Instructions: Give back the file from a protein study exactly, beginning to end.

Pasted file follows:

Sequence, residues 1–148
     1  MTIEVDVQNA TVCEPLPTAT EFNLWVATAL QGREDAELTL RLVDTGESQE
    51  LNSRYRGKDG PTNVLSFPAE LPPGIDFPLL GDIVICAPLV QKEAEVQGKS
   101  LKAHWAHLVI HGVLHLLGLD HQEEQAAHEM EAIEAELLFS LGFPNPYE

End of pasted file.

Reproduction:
Sequence, residues 1–148
     1  MTIEVDVQNA TVCEPLPTAT EFNLWVATAL QGREDAELTL RLVDTGESQE
    51  LNSRYRGKDG PTNVLSFPAE LPPGIDFPLL GDIVICAPLV QKEAEVQGKS
   101  LKAHWAHLVI HGVLHLLGLD HQEEQAAHEM EAIEAELLFS LGFPNPYE